does not stray far into party and puritanic politics, but they are not
unknown to his shepherds. In January, as Colin Clout, he bewails the
coldness of Rosalind,

    She laughs the songs that Colin Clout doth make,

which is carrying cruelty very far. February is occupied with a rustic
dispute between youth and age: the metre is one of the measures of the
"Lay of the Last Minstrel":--

    Who will not suffer the stormy time,
    Where will he live tyll the lustry prime?
                (_Shepherd's Calendar_, Feb., 11. 15, 16.)
    They burn'd the chapel for very rage
    And cursed Lord Cranstoun's Goblin-page.
        (_Lay of the Last Minstrel_, C. II., Stanza, 33).

March, with the dialogue of Willie and Thomalin about the strange
bird, Love, is adapted from the Greek of Bion in a most pleasant
manner, and April contains a melodious song of fair Eliza, a Maiden
Queen; which probably procured Spenser's presentation to Elizabeth.
The great variety of melodious verse of which Spenser was already a
perfect master is, for us, perhaps the chief merit of his pastorals.
Through life Spenser keeps up the shepherd's mask, and Raleigh, in his
verse, is "The Shepherd of Ocean". The rival Protestant and Catholic
clergy also appear as shepherds, good or bad, while in another eclogue
the perfect poet, Cuddie, complains, like Theocritus, of public
indifference, and is advised to sing of redoubted knights: and, indeed,
Spenser had already conceived the idea of his knightly romantic poem
"The Faery Queen," and was ambitious to excel his model, Ariosto. In
this Harvey discouraged him; "Hobgoblin" must not "run away with the
garland from Apollo".

Fortunately Spenser followed his own genius, and, though he dallied
with the fashion for wedding Greek measures to English words, as in the
English hexameters of Watson and Harvey, he dropped many projects at
which he had glanced, and was constant to his "Faery Queen".

The manuscript of that great poem must have been the companion of
Spenser in many strange wanderings,

    In savage soil far from Parnassus Mount,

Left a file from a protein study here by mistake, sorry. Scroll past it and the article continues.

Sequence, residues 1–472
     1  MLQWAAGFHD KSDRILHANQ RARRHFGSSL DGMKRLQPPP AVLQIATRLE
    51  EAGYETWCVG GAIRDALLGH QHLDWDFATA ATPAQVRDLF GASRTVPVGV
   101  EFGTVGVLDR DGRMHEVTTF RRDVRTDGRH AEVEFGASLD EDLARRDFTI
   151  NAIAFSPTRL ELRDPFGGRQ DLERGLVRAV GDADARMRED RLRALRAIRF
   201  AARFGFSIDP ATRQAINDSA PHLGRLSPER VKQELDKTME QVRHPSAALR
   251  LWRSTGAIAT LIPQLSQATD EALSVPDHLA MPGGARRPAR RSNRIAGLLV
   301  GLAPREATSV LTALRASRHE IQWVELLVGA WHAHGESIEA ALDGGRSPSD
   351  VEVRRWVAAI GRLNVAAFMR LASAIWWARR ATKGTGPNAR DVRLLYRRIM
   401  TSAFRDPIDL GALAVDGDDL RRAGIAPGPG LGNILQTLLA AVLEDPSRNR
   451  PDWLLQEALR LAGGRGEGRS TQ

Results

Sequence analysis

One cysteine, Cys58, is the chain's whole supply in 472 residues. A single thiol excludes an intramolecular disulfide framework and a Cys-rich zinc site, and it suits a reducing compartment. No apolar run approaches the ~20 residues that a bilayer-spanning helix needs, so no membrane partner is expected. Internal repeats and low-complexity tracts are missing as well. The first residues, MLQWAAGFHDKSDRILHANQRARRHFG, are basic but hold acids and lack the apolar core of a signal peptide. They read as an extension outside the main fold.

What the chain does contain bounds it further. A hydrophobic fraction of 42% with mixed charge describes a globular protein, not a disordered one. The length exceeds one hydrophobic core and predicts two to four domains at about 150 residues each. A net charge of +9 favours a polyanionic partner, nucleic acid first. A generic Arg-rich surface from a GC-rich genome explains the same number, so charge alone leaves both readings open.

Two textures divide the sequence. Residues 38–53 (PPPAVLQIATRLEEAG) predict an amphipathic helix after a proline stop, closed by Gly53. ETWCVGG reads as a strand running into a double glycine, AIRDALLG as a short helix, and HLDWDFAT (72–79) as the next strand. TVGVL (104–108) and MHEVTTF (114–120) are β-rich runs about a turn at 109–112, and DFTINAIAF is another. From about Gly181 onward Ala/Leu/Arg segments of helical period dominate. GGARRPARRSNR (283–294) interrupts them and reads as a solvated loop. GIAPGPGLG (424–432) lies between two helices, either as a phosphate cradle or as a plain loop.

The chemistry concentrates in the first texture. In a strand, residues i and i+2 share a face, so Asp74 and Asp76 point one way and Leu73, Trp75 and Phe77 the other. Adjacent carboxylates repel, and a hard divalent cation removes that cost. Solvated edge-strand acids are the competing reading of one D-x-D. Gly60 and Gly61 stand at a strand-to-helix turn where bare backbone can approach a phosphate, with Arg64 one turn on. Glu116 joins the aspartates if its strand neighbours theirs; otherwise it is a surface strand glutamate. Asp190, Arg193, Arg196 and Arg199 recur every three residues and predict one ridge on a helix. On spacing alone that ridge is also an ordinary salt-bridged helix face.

as he says. He was attached, as we have seen, in 1578, to the household
of Leicester, and may have gone on a mission of his to France. To
be patronized by Leicester was to risk incurring the enmity of
Burleigh. The long rivalry between Elizabeth's brilliant and wavering
favourite--who once so nearly brought her into a plight almost as bad
as that of Mary Stuart--and her sagacious counsellor, Sir William
Cecil (Lord Burleigh)--who now and again saved his Queen "as by
fire"--might have furnished Spenser with a high theme for a poetic
allegory. But chance had made him Leicester's man, not Burleigh's man,
so that he never won the fortune for which he sought. Who, indeed,
would seek fortune in Ireland? Spenser did, accompanying Lord Grey of
Wilton to an isle more than commonly distressful.

To the natural hatred between the Irish and their English invaders was
now added the fury of religious rancour. Rebellion after rebellion was
punished by horrible reprisals. Lord Grey is notorious for his massacre
of six hundred disarmed Italian and Spanish filibusters at Smerwick
(November, 1580), and the poet of the "Faery Queen" was present at
this abominable deed. It was neither without precedent nor imitation.
Seventy years later David Leslie, urged on by a preacher, massacred
the remnant of Montrose's Irish contingent at Dunaverty. Spenser
himself in his most Interesting "View of the Present State of Ireland"
says concerning the foreign prisoners, "there was no other way but
to make that short way with them which was made". He defends Grey's
ruthless policy; he had made Ireland "ready for reformation" when he
was recalled, on the charge of being "a bloody man" who had left the
country in ashes (1582). Grey was pursued by the clamour of a horrified
people, that is, he was Spenser's Sir Arthegal, molested by the Blatant
Beast, the public. The idea of the public is a Blatant Beast is
borrowed from Plato.

It was in the service of Grey, and in a land laid waste, that Spenser,
acting as Grey's secretary during the horrors of the war in Munster,
wrote part of the "Faery Queen". He held public posts, was Clerk of
Decrees, and Clerk of the Council of Munster, he received 3000 acres of
land, and a ruinous castle of the Desmond family, Kilcolman, between
Mallow and Limerick (1586).

Unhappy was his fortune, but, in absence from London, he had the
advantage of being beyond the influences of the critical literary
society of the capital with its reviews in form of pamphlets, its
satires, jealousies, and quarrels. There is a record of a conversation
of 1584 (published in 1606) in which Spenser described to his friends
the aim and scope of the "Faery Queen". Each virtue was to be
incarnate in a knight, whose adventures should teach it by example.
In a letter to Raleigh, whom he met in Ireland, Spenser says that
Prince Arthur (as in the first Canto) is to be a perfect exemplar
of "the twelve private virtues". The Faery Queen herself is, first,
Glory in general and next Gloriana, the royal and "most virtuous and
beautiful" Queen Elizabeth, who also appears as Belphœbe. He is to
begin in the middle, before telling how knights, ladies, dwarfs, and a
palmer bearing an infant with bloody hands came seeking adventures to a
festival of the Faery Queen. "Many other adventures are intermeddled."

The "Faery Queen" is not, and does not aim at being an epic. It is